I recently watched a movie called The Judge in which there was a scene where a child asked her father if her grandpa was dead. She had overheard a conversation between her parents where her dad said that his dad was “dead to him” and as a child would, she misinterpreted that to mean that her grandpa literally was dead.
How often do we say things around our kids in jest or using sarcasm? Making negative comments (however unintentional) around little children can be psychologically damaging as I discovered firsthand…
The powerful effect of one negative comment
One day I made a flippant comment to my misbehaving toddler saying “you’d better behave yourself, when little boys are naughty their winky’s fall off into the toilet!”. Little did I know at the time that although my words were said in jest, my son had heard every word I said and stored it somewhere in the recesses of his young mind.
Hell no, I won’t go…
A few months down the line and I was two months away from delivering my baby girl and now needed to get my son potty trained or be bankrupted by the expense of buying two supplies of diapers. He was not at all receptive to the idea of sitting on the toilet seat. He adamantly refused to go near the potty. This carried on for weeks until I remembered my comment to him a few months prior about his “winky” falling into the toilet bowl!
I tried to undo the harm I caused by reasoning with him, but by then it was too late and he had already developed an irrational fear of the toilet so as a compromise we switched to pull-up diapers.
With less than four week to go before baby number two arrived I was desperate for a solution. There was simply no way that we could bear the expense of two sets of diapers on top of the huge expense newborn baby equipment.
I addressed the issue with a friend, Wendal Koopman who specializes in hypnotherapy. He told me that:
Children are highly susceptible to suggestion in their earlier, formative years. People that have the most influence are the primary caregivers (usually parents or a parent) and others in the immediate surrounds like teachers, family members, religious leaders and others that they spend much time with and have learned to trust. This is necessary for survival since conforming with others in the immediate circles is safer than going against established patterns. Since moms tend to spend most time with their kids, still, they tend to be most influential, so the things they do and say have a significant effect on the belief system of the child. Kids tend to “absorb” the suggestions coming from their surroundings like sponges so by you referring to him losing his penis in the toilet if he is naughty, that image stuck and became a source of fear. This affected his ability to transition to toilet training because it was safer to continue with the nappies.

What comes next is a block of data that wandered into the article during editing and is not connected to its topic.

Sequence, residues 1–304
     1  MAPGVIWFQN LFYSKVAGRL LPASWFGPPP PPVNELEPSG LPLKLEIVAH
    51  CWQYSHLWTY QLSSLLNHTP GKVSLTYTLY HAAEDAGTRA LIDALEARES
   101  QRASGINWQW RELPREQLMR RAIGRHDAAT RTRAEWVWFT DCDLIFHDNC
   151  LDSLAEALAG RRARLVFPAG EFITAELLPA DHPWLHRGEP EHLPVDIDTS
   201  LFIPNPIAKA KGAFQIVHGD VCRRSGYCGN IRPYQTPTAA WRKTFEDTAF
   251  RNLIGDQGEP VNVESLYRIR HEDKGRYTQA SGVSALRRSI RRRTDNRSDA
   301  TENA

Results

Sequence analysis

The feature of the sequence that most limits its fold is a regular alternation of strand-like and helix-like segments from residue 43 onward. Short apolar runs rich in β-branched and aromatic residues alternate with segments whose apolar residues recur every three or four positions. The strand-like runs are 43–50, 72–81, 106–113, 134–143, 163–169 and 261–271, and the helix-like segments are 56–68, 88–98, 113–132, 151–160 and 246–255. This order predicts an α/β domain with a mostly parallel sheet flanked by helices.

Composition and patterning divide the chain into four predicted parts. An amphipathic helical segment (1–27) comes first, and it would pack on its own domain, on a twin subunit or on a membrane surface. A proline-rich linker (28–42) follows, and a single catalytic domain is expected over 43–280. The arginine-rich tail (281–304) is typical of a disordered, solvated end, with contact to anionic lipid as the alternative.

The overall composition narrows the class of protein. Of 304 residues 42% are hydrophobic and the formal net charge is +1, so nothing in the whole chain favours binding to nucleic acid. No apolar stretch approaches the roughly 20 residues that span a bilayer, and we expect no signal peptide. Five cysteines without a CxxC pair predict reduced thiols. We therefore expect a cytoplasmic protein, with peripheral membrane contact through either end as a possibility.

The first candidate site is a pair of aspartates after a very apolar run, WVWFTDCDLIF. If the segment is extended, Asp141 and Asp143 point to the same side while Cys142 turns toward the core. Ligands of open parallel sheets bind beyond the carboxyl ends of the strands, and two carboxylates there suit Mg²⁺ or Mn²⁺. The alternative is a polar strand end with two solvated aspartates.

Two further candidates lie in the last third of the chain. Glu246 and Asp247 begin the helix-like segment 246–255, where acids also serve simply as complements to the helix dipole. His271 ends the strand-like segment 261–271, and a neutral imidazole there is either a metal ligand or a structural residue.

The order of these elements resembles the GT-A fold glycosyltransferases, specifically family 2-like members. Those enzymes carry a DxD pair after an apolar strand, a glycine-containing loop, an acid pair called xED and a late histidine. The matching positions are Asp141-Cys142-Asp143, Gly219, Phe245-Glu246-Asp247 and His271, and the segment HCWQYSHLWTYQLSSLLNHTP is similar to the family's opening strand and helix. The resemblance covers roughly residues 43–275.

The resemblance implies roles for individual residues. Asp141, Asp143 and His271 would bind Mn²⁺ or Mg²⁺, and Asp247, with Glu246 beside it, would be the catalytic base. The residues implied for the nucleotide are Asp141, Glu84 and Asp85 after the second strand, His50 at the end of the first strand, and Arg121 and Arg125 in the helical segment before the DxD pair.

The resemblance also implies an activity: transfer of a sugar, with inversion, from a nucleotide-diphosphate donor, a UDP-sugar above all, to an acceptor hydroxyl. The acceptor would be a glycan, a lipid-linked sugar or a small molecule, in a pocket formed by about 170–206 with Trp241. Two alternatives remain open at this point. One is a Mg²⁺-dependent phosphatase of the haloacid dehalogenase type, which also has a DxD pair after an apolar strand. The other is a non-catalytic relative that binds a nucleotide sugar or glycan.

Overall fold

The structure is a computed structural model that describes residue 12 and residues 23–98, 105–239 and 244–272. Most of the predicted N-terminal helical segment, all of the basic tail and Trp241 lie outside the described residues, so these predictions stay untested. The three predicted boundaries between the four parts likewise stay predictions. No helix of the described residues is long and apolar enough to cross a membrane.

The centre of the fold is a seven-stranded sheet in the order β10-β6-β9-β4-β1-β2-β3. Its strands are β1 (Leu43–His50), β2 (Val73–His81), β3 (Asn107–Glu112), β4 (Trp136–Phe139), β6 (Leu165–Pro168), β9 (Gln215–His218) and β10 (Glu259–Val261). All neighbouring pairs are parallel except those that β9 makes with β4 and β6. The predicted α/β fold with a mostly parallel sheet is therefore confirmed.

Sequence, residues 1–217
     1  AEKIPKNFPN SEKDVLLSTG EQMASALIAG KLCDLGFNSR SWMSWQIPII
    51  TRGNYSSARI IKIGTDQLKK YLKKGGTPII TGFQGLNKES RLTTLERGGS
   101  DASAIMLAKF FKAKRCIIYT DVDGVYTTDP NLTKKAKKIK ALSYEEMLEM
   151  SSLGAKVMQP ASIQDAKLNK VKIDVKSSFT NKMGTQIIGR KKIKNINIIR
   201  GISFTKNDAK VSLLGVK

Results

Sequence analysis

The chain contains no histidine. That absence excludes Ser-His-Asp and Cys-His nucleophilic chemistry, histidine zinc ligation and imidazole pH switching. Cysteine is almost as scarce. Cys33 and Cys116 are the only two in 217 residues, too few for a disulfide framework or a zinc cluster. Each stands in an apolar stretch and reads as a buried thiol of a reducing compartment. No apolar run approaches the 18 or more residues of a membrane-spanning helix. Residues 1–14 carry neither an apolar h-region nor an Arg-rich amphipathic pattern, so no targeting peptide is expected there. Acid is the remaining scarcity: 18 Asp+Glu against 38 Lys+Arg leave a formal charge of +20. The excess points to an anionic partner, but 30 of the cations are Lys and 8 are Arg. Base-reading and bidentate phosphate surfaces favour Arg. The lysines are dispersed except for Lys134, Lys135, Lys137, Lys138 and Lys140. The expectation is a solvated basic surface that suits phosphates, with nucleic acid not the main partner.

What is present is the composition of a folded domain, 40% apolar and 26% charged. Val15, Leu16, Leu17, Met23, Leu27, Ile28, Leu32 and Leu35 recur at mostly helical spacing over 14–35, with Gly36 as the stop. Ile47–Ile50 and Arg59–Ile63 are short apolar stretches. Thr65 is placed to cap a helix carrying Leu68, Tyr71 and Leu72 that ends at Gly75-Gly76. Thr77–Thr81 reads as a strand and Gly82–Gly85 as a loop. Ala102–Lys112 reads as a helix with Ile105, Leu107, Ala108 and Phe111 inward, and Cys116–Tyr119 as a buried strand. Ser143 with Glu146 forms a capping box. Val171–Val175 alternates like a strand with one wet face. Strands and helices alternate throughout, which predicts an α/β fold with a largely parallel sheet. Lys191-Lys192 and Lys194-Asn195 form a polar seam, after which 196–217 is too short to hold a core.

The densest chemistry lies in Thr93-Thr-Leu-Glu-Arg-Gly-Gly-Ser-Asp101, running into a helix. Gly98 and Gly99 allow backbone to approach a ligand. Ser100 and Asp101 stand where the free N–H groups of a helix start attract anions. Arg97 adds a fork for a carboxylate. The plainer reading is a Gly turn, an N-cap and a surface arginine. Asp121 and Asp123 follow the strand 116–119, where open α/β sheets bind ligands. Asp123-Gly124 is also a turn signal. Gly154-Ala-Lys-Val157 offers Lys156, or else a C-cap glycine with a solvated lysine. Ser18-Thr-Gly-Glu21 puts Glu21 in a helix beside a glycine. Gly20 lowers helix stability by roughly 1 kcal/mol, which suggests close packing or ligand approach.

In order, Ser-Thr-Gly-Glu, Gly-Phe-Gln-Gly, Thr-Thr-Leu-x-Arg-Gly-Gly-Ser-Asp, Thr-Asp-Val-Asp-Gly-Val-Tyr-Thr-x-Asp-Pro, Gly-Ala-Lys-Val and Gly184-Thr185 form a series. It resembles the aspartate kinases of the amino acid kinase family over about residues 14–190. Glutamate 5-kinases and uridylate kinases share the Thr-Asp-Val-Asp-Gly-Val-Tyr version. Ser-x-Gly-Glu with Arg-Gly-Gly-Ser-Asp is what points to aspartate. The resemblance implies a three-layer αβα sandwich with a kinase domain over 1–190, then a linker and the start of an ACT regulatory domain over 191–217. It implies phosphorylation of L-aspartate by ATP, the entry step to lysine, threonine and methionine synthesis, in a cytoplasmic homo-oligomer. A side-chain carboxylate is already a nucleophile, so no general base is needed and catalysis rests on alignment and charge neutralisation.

After explaining the situation so clearly, he also had some suggestions on how we could use positive reinforcement to “redirect” his attitude towards the desired outcome:
Wendal: The very same suggestibility can also work in reverse by using positive suggestions, building it up over days and thus building the excitement, and using the incentive of him making the transition to being a “big boy”, a more powerful suggestion can be embedded, thus rendering the earlier belief ineffective.
Upon his suggestion, Mr. A and I began reinforcing a positive message every single night after bath time over a period of two weeks.
Every evening after bath time we would mention that on a particular date (the following Friday) J would finally be a “big boy” and no longer be wearing diapers. We would talk about this event very casually and with great enthusiasm and we kept repeating the phrase “no more nappies“. We did it in a way that added no pressure on him and we simply stated it as fact.
Fourteen days later the most amazing thing happened. We exclaimed at what day it was and chatted quite amiably while bathing J. We carried him to his room after bath time to get him dressed as per usual, except that this time, as Mr. A handed him his pull-up diaper, J said “No daddy! Don’t you know? Today I am a big boy. NO MORE NAPPIES!”
From that day he wore an underpants just like a big boy. Of course, as with any child, it was a transition and a process to get the timing right in making it to the bathroom on time during the night, but the point is that he never once asked for a nappy and had no problem sitting on a toilet seat.
It’s not easy for me to share moments where I failed as a mom but a wise person told me not to look at situations like these as mistakes but rather as opportunities for learning. As a parent its very encouraging to know that we will get another chance tomorrow to apply what we have learnt.
In the next post on positive reinforcement we explore The Psychological Effects of Positive Reinforcement in Children. You will also find three very powerful ways to change your child’s behaviour using three easy techniques.